April 6th, 2020 by Priya Nicholas
Since the stay-at-home advice was issued by the government in a bid to help restrict the COVID-19 virus, Britons have refound and rekindled their love of homebaking. Such is the demand that online mill shops have paused sales; and the homebaking sections in shops are frequently empty.
So, naturally the first thought is: are we going to run out of flour? The simple answer is no …
The the issue isn’t a lack of flour – don’t forget with large customers like Greggs, Pret, McDonalds etc closing – UK flour millers have more flour than ever! But, it takes a lot longer to pack small bags of flour than larger bags.
In recent weeks, UK flour millers have been producing twice as much retail flour – up from the usual 2 million 1.5kg bags-a-week to 4 million. The industry is currently packing the smaller bags at full capacity. It is predicted that demand will level out soon, enabling everyone who wants to bake at home to do so.
Below is a statement from Alex Waugh, the director general of the trade association for UK Flour Millers; and he explains in full why we are seeing a shortage of flour in shops despite the UK having plenty of flour available.
RETAIL FLOUR SHORTAGES
The following is a statement from ALEX WAUGH, director general of the National Association of British & Irish Millers (nabim) – the trade association for UK flour millers – regarding the current shortages of flour in supermarkets and shops.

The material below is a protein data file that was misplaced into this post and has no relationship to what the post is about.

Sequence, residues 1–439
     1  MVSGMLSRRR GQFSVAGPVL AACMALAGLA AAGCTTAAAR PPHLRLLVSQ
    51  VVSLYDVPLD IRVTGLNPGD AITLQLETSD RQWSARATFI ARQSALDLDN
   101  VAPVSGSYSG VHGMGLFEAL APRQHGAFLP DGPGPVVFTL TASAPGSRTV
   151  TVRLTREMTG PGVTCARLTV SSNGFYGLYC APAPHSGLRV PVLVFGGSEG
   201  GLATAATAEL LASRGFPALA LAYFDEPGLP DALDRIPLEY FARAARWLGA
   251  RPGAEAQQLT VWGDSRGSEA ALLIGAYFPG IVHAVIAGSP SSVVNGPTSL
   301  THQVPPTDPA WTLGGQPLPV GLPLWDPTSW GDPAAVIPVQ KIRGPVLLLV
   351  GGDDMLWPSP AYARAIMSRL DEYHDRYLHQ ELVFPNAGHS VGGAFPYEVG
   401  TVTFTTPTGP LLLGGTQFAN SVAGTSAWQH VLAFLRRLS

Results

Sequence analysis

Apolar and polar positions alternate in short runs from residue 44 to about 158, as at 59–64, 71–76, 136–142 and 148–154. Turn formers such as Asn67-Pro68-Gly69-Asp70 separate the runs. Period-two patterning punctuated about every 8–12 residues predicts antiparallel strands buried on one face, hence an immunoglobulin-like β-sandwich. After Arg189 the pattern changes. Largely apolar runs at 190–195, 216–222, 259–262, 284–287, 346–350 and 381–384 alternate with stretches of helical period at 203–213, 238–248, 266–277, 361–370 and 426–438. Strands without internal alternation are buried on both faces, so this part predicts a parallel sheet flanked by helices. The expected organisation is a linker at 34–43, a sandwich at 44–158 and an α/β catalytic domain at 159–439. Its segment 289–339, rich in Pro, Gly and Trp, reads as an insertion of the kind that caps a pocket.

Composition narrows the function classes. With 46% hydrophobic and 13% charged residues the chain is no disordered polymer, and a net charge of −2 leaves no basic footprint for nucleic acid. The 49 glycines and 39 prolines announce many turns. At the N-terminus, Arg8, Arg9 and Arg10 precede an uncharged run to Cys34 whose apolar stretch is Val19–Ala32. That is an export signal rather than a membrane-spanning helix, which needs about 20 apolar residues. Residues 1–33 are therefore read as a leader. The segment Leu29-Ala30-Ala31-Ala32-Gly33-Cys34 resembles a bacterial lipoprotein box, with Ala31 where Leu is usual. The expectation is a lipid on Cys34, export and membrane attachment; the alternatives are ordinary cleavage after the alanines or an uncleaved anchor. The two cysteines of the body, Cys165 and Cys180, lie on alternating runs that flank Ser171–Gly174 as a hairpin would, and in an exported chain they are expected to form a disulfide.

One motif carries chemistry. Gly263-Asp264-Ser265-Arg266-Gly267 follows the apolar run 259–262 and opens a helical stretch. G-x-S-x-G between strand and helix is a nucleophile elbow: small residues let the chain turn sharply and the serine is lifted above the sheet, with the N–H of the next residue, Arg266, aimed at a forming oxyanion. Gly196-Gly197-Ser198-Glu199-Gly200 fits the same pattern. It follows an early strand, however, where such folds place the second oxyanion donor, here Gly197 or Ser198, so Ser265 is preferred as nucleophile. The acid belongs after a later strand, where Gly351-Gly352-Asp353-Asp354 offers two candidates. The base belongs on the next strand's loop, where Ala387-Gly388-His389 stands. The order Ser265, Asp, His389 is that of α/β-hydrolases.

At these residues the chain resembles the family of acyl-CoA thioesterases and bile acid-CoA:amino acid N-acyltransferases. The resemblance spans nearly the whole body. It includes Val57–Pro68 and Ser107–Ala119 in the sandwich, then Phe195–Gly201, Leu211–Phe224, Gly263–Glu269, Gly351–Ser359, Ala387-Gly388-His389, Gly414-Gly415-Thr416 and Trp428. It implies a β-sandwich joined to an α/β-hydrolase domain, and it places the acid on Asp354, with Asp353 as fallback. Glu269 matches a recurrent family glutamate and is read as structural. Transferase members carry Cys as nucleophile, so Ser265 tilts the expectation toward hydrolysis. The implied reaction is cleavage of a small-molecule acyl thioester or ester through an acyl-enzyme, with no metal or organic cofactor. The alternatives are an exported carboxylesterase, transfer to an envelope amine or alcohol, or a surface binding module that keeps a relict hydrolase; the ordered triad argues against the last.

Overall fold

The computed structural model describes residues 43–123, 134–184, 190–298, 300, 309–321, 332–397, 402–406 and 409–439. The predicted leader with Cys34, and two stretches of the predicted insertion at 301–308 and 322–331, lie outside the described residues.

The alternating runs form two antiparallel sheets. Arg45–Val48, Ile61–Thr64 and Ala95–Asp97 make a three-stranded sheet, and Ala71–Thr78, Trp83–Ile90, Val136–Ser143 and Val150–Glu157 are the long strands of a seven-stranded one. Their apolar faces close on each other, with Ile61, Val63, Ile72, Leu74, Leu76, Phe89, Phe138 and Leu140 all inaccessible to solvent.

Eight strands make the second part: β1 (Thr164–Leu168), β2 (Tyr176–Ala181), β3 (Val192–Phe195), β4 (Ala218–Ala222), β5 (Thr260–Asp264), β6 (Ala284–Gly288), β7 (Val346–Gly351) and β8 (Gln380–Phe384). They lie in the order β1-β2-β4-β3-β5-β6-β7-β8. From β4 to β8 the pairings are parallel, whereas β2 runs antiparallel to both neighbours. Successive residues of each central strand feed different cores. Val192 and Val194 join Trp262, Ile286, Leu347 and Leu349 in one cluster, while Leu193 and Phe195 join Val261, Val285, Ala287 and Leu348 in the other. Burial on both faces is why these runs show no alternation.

The UK is self-sufficient in flour, producing about 90,000 tonnes every week. Yet many people are experiencing shortages in supermarkets and shops.
To understand why this should be the case, it may be useful to offer an overview of how the industry operates on a typical, day-to-day basis.
Most UK flour is produced in bulk and delivered either in tankers or in 16kg or 25kg bags to bakeries and other food manufacturers.
Only a small proportion – around 4% of the total flour milled is sold through shops and supermarkets.
Ordinarily consumers purchase about 3,000 tonnes of flour a week in the shops – equivalent to two million 1.5kg bags. On average, each of the 27.5 million households in the UK buys a bag of flour every 14 weeks.
However since the COVID-19 outbreak, and in response to the subsequent lock-down, both regular bulk buyers and consumers have been purchasing much more than normal. Inevitably, existing stocks have been quickly used up and many households have been unable to buy.
In response, UK millers have been working round the clock – genuinely milling flour 24-hours-day-seven-days-a-week to double the production of retail flour in an effort to meet demand. The equivalent of 3.5million to 4 million bags have been produced weekly by running packing lines at maximum capacity. However, production is limited by the capacity to pack small bags, so even this is only sufficient for 15% of households to buy a bag of flour per week. Supplies of commercial flour are typically delivered either in larger bags or tankers and are therefore not subject to the same limitations.
One option is for retailers and wholesalers to stock larger bags of flour, which might be suited to more regular home-bakers. This would require a change in shopping patterns, however.
Otherwise, it will be a question of time before the surge in demand reduces enough for this enhanced level of production to meet requirements and allow stock levels to be rebuilt.